Until recently, guidance from the Centers for Medicare and Medicaid Services (CMS) for teaching physicians about medical student documentation in the medical record1 had inadvertently hampered medical education and increased the administrative and regulatory burden on the teaching physician. CMS guidelines limited the medical student documentation role to only recording a Review of Systems and/or the Past Medical, Family and Social History. The teaching physician had been prohibited from referring to a student’s documentation of the other parts of the history, physical exam findings, or medical decision making. Although these guidelines did not prohibit students from writing in the medical record, many health care systems prevented or severely restricted student access to documentation in the electronic health record (EHR) based on their interpretation of the guidelines. As a consequence, many medical student notes never got reviewed, students did not learn documentation skills from preceptor feedback, and teaching physicians had to spend their time redocumenting clinical encounters rather than teaching the students who were working alongside them in the clinical setting.

On February 2, 2018, CMS released a revised transmittal, Pub 100-04 Medicare Claims Processing Manual, which “allows the teaching physician to verify in the medical record any student documentation of components of E/M [Evaluation and Management] services, rather than re-documenting the work.”2 This is a significant change in response to persistent thoughtful advocacy from the medical education community, and we are grateful to the CMS leadership for supporting medical training in this manner. If health systems recognize and respond to this change, medical education will be advanced and students will be better prepared for residency. This change both enables more authentic clinical experiences for students and helps to address the preceptor shortage by decreasing the clinical documentation burden that preceptors face when working with students. We write to call attention to this change and to encourage health systems to optimize this opportunity. Health systems, working with their compliance teams, must evolve their internal policies to relieve their teaching faculty of documentation burdens and to maximize the student learning opportunities that this transformative change allows.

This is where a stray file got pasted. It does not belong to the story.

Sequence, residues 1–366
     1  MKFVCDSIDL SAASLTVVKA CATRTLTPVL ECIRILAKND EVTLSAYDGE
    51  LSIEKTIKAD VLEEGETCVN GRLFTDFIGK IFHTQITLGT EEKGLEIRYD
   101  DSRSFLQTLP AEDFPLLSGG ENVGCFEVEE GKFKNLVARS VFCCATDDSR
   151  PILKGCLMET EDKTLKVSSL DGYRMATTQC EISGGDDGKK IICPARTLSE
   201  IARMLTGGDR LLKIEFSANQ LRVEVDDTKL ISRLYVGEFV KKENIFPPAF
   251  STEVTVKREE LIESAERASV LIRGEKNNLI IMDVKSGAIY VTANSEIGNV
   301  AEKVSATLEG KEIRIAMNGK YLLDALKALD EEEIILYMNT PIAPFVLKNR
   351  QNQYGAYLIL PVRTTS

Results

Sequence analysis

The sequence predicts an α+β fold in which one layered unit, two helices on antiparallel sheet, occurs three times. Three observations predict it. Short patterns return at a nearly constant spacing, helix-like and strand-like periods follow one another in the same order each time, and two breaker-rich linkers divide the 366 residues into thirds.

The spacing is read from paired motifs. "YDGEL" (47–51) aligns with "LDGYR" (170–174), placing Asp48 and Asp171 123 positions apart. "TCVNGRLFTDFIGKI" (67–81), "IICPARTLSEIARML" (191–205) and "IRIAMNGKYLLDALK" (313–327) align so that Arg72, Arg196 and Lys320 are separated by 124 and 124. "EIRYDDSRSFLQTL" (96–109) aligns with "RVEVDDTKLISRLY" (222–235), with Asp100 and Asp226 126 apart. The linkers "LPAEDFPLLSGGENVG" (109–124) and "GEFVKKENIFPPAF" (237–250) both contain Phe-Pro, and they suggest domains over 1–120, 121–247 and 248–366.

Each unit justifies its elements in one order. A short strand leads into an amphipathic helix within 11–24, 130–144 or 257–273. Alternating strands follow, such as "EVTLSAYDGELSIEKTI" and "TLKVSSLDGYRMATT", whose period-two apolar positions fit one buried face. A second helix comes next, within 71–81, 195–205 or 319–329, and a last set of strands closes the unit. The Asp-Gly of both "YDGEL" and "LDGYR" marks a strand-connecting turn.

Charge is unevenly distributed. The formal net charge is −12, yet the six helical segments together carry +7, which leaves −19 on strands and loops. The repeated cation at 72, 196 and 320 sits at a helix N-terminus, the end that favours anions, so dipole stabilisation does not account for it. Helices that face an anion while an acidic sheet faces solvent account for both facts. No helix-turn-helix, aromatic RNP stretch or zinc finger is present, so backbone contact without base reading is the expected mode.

It is important to recognize that this policy change, while eliminating unnecessary duplication of effort, does not threaten patient safety or increase risk of fraud. There has never been evidence that the increased burden of educational documentation has been associated with improved quality of care. As before, physicians can still only bill for the work that they personally perform: It would be both fraudulent and medically negligent for physicians to submit charges for work that they do not personally perform, such as clinical care only delivered by a student. Under the new rule, teaching physicians must continue to actively supervise and take responsibility for any work that a medical student might perform as a member of their clinical team. This policy change does not affect the clinical supervision of students but, rather, simply allows medical students to document a clinical encounter in the EHR and to have that documentation support the billing of their supervising physicians.